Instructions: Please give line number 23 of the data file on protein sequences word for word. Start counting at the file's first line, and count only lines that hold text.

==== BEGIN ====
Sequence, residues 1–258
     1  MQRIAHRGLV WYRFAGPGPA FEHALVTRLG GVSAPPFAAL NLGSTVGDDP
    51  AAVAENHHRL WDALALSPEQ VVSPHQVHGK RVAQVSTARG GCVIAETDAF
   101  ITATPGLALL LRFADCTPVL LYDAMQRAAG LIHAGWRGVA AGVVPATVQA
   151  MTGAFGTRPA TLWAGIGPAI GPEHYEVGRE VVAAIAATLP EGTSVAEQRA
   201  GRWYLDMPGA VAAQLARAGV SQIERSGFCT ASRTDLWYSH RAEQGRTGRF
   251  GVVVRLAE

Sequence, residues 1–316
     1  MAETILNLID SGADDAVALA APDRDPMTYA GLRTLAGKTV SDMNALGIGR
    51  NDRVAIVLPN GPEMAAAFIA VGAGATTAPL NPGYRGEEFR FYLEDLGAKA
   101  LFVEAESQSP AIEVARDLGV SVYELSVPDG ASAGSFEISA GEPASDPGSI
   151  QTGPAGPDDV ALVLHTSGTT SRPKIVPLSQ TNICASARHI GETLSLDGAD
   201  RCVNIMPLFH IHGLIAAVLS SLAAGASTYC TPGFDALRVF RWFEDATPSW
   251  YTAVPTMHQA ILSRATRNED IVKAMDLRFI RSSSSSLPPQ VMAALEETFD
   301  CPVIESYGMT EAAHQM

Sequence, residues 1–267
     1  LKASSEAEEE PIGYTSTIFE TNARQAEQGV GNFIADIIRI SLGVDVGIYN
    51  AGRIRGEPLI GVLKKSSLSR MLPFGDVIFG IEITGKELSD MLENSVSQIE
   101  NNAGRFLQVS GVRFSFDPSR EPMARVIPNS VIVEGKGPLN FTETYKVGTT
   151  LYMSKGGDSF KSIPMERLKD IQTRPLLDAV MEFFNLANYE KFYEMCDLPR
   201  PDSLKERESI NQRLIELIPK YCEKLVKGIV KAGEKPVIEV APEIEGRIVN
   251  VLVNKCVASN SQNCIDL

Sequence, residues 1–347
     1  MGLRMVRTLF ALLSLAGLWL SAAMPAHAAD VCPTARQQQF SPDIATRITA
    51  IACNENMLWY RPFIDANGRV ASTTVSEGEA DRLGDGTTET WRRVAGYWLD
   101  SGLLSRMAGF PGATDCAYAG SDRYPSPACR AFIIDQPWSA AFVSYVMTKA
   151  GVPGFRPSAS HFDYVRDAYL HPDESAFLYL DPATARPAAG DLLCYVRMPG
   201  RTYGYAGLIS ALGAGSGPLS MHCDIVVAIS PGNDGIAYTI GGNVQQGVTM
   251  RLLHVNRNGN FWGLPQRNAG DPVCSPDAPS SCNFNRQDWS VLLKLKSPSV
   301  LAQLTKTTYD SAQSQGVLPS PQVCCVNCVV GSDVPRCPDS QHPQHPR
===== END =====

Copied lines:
Sequence, residues 1–347